It might be better to answer Jennings’ question by slightly re-wording it to fit different contexts and see if it still seemed like a reasonable question.  Here we go:

How can the country raise gross domestic product if 29.6 million businesses are each making their own decisions on most key aspects of the economy?

Or how about this:

How can the country reduce crime if there are more than 17,000 law enforcement agencies each making their own decisions on most key aspects of crime-prevention?

This is getting easy.  Here’s another:

How can the country make good laws if 535 members of Congress are each making their own decisions on most key aspects of public policy?

Why would Jennings think that he is making a persuasive argument with a rhetorical question that is rebutted by rigorous research and seems silly when transplanted to other situations?  Sadly, Jennings rhetorical question may win some converts and it does so not by being reasonable or by being consistent with research findings.  Jennings uses this rhetorical question because it appeals to people’s desire for power, not their desire for evidence or logical consistency.  When Jennings asks how we can make schools better with so many independent school districts, he is appealing to the reader’s fantasy that they or their allies might be able to dominate the enhanced central authority that would substitute for so many independent school districts.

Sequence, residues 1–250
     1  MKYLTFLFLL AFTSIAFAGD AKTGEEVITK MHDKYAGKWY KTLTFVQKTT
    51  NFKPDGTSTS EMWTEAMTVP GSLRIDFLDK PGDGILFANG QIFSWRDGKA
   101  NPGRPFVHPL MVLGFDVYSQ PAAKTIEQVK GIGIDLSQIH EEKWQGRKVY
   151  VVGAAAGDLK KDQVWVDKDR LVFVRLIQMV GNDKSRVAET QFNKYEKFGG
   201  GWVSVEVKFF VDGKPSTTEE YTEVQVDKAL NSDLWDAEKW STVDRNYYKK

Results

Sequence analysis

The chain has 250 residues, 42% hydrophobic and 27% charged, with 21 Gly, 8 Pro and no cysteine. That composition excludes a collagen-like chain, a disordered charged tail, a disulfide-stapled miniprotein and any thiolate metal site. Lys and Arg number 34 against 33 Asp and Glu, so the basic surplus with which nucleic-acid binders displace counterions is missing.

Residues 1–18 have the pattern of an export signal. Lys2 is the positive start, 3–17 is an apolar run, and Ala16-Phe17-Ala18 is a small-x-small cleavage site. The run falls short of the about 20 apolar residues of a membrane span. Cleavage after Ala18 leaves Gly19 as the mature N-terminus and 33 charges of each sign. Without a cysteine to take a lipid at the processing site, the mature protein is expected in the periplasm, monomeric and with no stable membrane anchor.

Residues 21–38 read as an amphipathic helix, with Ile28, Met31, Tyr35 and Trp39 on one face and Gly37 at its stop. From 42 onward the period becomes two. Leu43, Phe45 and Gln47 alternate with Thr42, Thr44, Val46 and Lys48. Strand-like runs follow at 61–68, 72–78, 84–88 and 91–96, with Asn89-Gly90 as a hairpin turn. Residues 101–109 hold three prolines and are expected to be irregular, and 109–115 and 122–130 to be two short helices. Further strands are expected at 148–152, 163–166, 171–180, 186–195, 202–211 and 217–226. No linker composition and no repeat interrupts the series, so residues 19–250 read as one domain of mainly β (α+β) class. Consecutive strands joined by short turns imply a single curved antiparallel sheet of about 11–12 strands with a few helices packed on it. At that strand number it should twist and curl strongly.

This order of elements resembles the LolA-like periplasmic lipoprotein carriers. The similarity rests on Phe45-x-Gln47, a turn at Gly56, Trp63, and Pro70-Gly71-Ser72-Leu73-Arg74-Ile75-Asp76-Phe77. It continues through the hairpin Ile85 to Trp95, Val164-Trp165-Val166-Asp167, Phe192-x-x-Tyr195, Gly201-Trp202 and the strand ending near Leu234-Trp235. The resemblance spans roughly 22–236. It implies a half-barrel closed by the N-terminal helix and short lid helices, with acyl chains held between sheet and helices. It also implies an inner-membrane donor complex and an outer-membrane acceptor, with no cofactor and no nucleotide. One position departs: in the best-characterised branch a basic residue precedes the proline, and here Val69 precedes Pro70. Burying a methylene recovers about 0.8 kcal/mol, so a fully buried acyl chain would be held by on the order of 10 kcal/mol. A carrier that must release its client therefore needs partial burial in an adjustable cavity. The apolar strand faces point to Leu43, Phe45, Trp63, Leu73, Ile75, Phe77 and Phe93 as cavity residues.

Inside most public policy wonks is a mini-dictator, waiting to come out.  They dream about how things ought to be organized… if only they were in charge.  The drive for Common Core national standards is built on appealing to these mini-dictator fantasies.

Of course, if the mini-dictators realize that others are striving to control the central authority, they may turn against the idea if they think they are unlikely to be the ones in charge.  That is our best hope.  It is impossible to remove the thirst for power, but it is possible to (as the Founders realized) pit ambition against ambition in the hope that it will prevent tyranny.

(edited for typos)


No Jack Jennings Is Not on Fire

July 29, 2009

No two people are not on fire

(Guest post by Greg Forster)

Stop the press! How did I miss this on Eduwonk last week?

At this point if Jack Jennings doused himself in gasoline and set himself ablaze in front of the NEA, would anyone notice?

Hey, that’s what happens when you spend too long peddling political hackery trumped up as research. Sooner or later, people get wise to the con and stop taking you seriously.

Of course, Andy feels the need to call Jennings’ work “important.” But if all the empty, generic words of praise people rotely intone about Jennings doused themselves in gasoline and set themselves ablaze in front of the Merriam-Webster publishing comany, would anyone notice?

In other Eduwonk news, give Andy credit for not drinking too much of the yesterday’s new Race to the Top flavor Kool-Aid; he linked to this item, which helps illustrate just how deep the kabuki goes.